Article  CAS  PubMed Central  Google Scholar 

  36. Perry IJ, Wannamethee SG, Walker MK, Thomson A, Whincup PH, Shaper AG. Prospective study of risk factors for development of non-insulin dependent diabetes in middle aged British men. Biomed J. 1995;310(6979):560–4.

    CAS  Google Scholar 

  37. Bosu WK, Bosu DK. Prevalence, awareness and control of hypertension in Ghana: A systematic review and meta-analysis. PLoS ONE. 2021;16(3):e0248137.

    Article  CAS  PubMed  PubMed Central  Google Scholar 

  38. Wan EYF, Yu EYT, Chin WY, Wong ICK, Chan EWY, Chen S, Lam CLK. Age-Specific Associations Between Systolic Blood Pressure and Cardiovascular Disease: A 10-Year Diabetes Mellitus Cohort Study. J Am Heart Assoc. 2020;9(14):e015771.

    Article  PubMed  PubMed Central  Google Scholar 

  39. Lai TS, Curhan GC, Forman JP. Insulin resistance and risk of incident hypertension among men. J Clin Hypertens. 2009;11(9):483–90.

    Article  CAS  Google Scholar 

  40. Emdin CA, Anderson SG, Woodward M, Rahimi K. Usual blood pressure and risk of new-onset diabetes: evidence from 4.1 million adults and a meta-analysis of prospective studies. J Am College Cardiol. 2015;66(14):1552–62.

    Article  Google Scholar 

  41. Sun D, Zhou T, Heianza Y, Li X, Fan M, Fonseca VA, Qi L. Type 2 diabetes and hypertension: a study on bidirectional causality. Circ Res. 2019;124(6):930–7.

    Article  CAS  PubMed  PubMed Central  Google Scholar 

  42. Levin G, Kestenbaum B, Ida Chen Y-D, Jacobs DR Jr, Psaty BM, Rotter JI, Siscovick DS, De Boer IH. Glucose, insulin, and incident hypertension in the multi-ethnic study of atherosclerosis. Am J Epidemiol. 2010;172(10):1144–54.

    Article  PubMed  PubMed Central  Google Scholar 

  43. Koppes LL, Dekker JM, Hendriks HF, Bouter LM, Heine R. Moderate alcohol consumption lowers the risk of type 2 diabetes: a meta-analysis of prospective observational studies. Diabetes Care. 2005;28(3):719–25.

    Article  PubMed  Google Scholar 

  44. Baliunas DO, Taylor BJ, Irving H, Roerecke M, Patra J, Mohapatra S, Rehm J. Alcohol as a risk factor for type 2 diabetes: a systematic review and meta-analysis. Diabetes Care. 2009;32(11):2123–32.

    Article  CAS  PubMed  PubMed Central  Google Scholar 

  45. Howard AA, Arnsten JH, Gourevitch MN. Effect of alcohol consumption on diabetes mellitusA systematic review. Ann Intern Med. 2004;140(3):211–9.

    Article  PubMed  Google Scholar 

  46. Martinez P, Røislien J, Naidoo N, Clausen T. Alcohol abstinence and drinking among African women: data from the World Health Surveys. BMC Public Health. 2011;11(1):1–9.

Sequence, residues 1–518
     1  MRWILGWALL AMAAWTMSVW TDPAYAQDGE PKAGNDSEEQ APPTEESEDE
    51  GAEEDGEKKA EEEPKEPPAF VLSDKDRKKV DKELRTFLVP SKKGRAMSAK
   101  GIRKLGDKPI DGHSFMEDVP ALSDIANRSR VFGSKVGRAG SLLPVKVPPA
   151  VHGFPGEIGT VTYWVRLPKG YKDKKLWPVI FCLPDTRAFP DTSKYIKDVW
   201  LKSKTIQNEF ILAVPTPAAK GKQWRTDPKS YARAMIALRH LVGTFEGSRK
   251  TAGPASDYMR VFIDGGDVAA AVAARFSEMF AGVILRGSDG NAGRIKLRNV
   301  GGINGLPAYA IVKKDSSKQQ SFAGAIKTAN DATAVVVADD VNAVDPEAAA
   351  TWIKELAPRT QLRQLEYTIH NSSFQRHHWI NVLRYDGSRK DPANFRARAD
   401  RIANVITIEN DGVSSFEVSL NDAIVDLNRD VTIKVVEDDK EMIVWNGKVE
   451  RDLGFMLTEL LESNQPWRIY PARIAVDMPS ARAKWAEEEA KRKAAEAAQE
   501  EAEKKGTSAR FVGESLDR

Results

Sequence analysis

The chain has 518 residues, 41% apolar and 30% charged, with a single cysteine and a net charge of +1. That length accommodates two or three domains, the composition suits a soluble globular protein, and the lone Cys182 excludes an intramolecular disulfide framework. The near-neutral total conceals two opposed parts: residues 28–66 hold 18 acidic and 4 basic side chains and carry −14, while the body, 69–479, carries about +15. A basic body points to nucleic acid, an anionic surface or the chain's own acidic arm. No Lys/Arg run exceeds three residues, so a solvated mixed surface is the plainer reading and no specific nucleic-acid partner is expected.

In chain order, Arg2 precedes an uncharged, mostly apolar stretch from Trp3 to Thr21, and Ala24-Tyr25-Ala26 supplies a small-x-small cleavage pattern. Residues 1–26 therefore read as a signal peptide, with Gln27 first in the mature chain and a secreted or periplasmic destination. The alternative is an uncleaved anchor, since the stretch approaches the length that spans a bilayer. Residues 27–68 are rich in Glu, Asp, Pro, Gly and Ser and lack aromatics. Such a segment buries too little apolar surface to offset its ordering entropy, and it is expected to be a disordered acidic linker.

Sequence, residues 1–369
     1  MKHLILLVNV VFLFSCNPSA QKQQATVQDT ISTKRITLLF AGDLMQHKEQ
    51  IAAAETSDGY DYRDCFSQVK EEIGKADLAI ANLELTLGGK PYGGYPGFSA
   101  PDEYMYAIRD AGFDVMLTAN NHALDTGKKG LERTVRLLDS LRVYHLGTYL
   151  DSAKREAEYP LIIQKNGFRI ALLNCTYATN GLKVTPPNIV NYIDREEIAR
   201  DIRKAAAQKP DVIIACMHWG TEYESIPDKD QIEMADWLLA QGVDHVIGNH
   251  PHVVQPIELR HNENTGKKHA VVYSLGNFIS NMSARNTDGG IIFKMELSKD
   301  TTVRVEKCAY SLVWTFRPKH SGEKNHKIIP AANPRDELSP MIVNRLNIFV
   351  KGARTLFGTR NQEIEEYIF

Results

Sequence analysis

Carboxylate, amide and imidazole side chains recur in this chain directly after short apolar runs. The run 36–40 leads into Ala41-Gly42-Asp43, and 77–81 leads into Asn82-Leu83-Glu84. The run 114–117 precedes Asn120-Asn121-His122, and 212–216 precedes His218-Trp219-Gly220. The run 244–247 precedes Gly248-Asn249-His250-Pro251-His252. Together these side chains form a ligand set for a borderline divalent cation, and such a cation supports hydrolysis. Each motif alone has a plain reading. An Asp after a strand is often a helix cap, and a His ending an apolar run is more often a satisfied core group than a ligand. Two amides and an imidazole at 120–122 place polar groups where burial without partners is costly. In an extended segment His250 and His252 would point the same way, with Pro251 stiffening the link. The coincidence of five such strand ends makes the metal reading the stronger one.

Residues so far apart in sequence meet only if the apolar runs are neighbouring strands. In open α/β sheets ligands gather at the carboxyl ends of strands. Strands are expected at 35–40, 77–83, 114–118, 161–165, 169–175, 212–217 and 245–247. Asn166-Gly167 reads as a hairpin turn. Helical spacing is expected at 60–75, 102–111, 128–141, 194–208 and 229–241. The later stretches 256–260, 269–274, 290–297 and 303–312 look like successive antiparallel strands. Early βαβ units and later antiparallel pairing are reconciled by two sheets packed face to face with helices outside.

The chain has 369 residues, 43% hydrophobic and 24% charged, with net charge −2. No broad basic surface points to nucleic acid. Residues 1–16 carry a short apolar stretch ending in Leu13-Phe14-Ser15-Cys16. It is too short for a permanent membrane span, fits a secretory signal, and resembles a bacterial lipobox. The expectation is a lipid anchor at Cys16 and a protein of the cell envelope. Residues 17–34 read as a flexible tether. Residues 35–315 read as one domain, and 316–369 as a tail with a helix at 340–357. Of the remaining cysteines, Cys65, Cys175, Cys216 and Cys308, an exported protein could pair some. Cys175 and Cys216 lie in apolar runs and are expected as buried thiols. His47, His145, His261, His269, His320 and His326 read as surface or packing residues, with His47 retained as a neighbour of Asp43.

Article  Google Scholar 

  47. World Health Organization: WHO report on global tobacco epidermic, 2011. Apendix VIII - Table Crude smokless tobacco prevalence in WHO memeber states. Geneva- Tabble 8.2: World Health organization: 2011. Accessed 21 Mar 2017.

  48. Frank LK, Kröger J, Schulze MB, Bedu-Addo G, Mockenhaupt FP, Danquah I. Dietary patterns in urban Ghana and risk of type 2 diabetes. Br J Nutr. 2014;112(01):89–98.

    Article  CAS  PubMed  Google Scholar 

  49. Seck S, Dia D, Doupa D, Diop-Dia A, Thiam I, Ndong M, Gueye L. Diabetes burden in urban and rural Senegalese populations: a cross-sectional study in 2012. Int J Endocrinol. 2015;2015:163641.

    Article  CAS  PubMed  PubMed Central  Google Scholar 

  50. Rasmussen M, Krølner R, Klepp K-I, Lytle L, Brug J, Bere E, Due P. Determinants of fruit and vegetable consumption among children and adolescents: a review of the literature. Part I: quantitative studies. Int J Behav Nutr Phys Act. 2006;3(1):1.

    Article  Google Scholar 

  51. Goedecke JH, Mtintsilana A, Dlamini SN, Kengne AP. Type 2 diabetes mellitus in African women. Diabetes Res Clin Pract. 2017;123:87–96.

    Article  PubMed  Google Scholar 

  52. Adeboye B, Bermano G, Rolland C. Obesity and its health impact in Africa: a systematic review. Cardiovasc J Afr. 2012;23(9):512.

    Article  PubMed  PubMed Central  Google Scholar 

  53. Issaka A, Paradies Y, Stevenson C. Modifiable and emerging risk factors for type 2 diabetes in Africa: a systematic review and meta-analysis protocol. Syst Rev. 2018;7(1):139.

    Article  PubMed  PubMed Central  Google Scholar 

  54. Mbanya JCN, Motala AA, Sobngwi E, Assah FK, Enoru ST. Diabetes in sub-Saharan Africa. Lancet (British edition). 2010;375(9733):2254–66.